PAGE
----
Think Research reports increased revenues, debt in Q3

Smiling doctor using Think Research's tech
CEO maintains company well positioned to continue revenue growth.

The markets remained unimpressed with Think Research’s third-quarter earnings, despite the company reporting an 82 percent growth in revenues to $18.4 million compared to the same period in 2021.

The acquisitive healthcare software company’s stock price at presstime sat at 35 cents, not far off its 52-week low of 30 cents, and down from its 52-week high of $1.58.

While the company’s revenue picture appears rosier, so does its appetite for debt. Think Research reported that in the second quarter of 2022 it borrowed $10 million from Beedie Investments Ltd. as a convertible note loan.

Think Research reported an 82 percent YoY growth in revenues to $18.4 million.

That money translated into $8.9 million after transaction costs. During the first nine months of 2022, cash allocations included payments of $2.4 million on lease liabilities, $2.3 million for finance costs, and investments of $2.9 million in intangible assets.

As well, $400,000 went towards property and equipment, and a $400,000 cash consideration was paid related to a 2021 acquisition.

While Think Research didn’t identify it as such, the $10 million appears to be part of the overall credit agreement it entered into with Beedie Investments in April. That agreement gave Think Research access to up to $25 million in a non-revolving term convertible loan facility. Think Research took $10 million as an initial advance, with the remaining $15 million available for subsequent advances in minimum tranches of $3 million.

In its earnings report, the company noted that its credit facility with Scotiabank matures in September 2023, with Think Research in active discussions to renegotiate the terms, anticipating “it will be extended beyond its September 2023 maturity date.”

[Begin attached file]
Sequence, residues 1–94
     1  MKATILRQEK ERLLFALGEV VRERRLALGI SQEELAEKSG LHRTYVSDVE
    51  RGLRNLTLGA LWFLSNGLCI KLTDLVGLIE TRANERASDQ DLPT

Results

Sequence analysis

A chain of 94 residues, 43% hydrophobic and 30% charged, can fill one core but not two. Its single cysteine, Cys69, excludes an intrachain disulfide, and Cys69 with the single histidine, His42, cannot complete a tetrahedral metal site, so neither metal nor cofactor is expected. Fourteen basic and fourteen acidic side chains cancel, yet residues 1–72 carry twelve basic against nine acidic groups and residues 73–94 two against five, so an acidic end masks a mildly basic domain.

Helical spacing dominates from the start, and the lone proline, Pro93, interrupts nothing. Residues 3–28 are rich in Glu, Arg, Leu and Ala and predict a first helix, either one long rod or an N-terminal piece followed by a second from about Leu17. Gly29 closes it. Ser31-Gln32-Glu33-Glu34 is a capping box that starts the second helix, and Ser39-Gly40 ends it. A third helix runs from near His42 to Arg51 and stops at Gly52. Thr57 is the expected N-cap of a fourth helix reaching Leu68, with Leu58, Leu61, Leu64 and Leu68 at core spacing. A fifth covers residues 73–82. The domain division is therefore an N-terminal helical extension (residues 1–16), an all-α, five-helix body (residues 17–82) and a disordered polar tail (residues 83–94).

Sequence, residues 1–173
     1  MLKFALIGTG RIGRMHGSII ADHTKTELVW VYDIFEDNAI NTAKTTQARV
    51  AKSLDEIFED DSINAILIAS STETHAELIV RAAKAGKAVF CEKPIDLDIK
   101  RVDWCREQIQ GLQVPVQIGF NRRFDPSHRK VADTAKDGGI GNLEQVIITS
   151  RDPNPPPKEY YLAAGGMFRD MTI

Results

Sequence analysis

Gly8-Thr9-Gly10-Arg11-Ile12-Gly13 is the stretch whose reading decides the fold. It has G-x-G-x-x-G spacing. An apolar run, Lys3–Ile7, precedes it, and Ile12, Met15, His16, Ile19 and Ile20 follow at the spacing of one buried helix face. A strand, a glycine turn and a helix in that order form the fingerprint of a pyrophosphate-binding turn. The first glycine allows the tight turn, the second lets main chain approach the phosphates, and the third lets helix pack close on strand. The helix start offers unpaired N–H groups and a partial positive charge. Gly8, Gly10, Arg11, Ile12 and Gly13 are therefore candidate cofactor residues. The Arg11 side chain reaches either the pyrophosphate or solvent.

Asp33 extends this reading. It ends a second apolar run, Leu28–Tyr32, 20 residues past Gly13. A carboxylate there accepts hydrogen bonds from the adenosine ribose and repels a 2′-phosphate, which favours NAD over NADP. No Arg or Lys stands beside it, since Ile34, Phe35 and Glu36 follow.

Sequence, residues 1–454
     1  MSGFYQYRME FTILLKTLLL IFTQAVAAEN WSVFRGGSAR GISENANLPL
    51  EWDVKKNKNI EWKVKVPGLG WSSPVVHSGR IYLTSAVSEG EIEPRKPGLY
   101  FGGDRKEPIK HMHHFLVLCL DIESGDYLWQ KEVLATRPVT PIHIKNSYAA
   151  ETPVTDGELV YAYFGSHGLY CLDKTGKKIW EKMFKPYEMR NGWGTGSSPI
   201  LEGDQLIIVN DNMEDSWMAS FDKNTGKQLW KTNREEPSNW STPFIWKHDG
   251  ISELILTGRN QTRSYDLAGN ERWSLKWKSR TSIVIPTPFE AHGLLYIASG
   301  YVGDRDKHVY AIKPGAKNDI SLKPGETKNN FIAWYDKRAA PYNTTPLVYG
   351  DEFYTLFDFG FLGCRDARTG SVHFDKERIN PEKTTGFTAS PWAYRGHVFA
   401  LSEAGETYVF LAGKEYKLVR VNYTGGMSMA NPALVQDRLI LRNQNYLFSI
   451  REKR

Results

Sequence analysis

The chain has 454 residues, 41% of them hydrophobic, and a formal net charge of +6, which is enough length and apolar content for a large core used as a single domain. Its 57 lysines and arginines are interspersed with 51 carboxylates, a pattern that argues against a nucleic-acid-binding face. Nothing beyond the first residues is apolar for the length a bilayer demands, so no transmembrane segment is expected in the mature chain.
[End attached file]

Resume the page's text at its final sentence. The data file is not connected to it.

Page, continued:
Think Research replaced its existing credit arrangement in 2021 with the National Bank of Canada (NBC), moving to the Bank of Nova Scotia. With the move, Think Research was able to get more credit availability with lower interest rates. The company acquired up to $22 million in its revolving credit facility, a $6 million revolving acquisition facility, and a $10 million uncommitted accordion that can be allocated to either facility at Think Research’s discretion. The company’s debt-to-equity ratio sits at 2.73 as of September 30.

RELATED: Think Research to continue acquisition spree with new $25 million credit facility

Think Research’s CEO Sachin Aggarwal praised the company for its forward momentum with significant revenue increases despite what he called summer’s seasonal impact, which impacts the company’s clinical and educational operations.

“Given our recent success winning increasingly larger deals combined with a more streamlined cost structure, the company is well positioned to continue enhancing our revenue growth and advancing near and longer-term expectations for profitability, all of which we believe will translate into value creation for our shareholders,” Aggarwal said.

Think Research’s adjusted EBITDA for the quarter was a $700,000 loss compared to a loss of $3.4 million in the third quarter of 2021, and a loss of $1.6 million in the second quarter of 2022. The company said the quarter-over-quarter improvement directly reflects the impact of reduced operating expenses.

Think Research also reported a decrease in its net loss, $4.4 million in the third quarter, compared to the same period in 2021. The company attributed the decrease to its focus on reduced cash operating expenses through “realized cost synergies,” which it pegged at an annual value of $5.8 million in fiscal year 2021 and an additional $5.7 million in the first nine months of fiscal year 2022.

The company declared that following an active year of acquisitions in 2021, it has completed nearly a full year of integrating its assets and businesses, and believes a foundation has been set to establish revenue generation and sustainable profitability.

“Based on initiatives undertaken to date, along with enhanced sales and marketing programs, Think has greater visibility into improving revenue with reduced costs, supported by its core focus on increasing profitability and financial flexibility in order to drive shareholder value,” the company asserted.

Charles Mandel

Charles Mandel

Charles Mandel's reporting and writing on technology has appeared in, Canadian Business, Report on Business Magazine, Canada's National Observer, The Globe and Mail, and the National Post, among many others. He lives off-grid in Nova Scotia.

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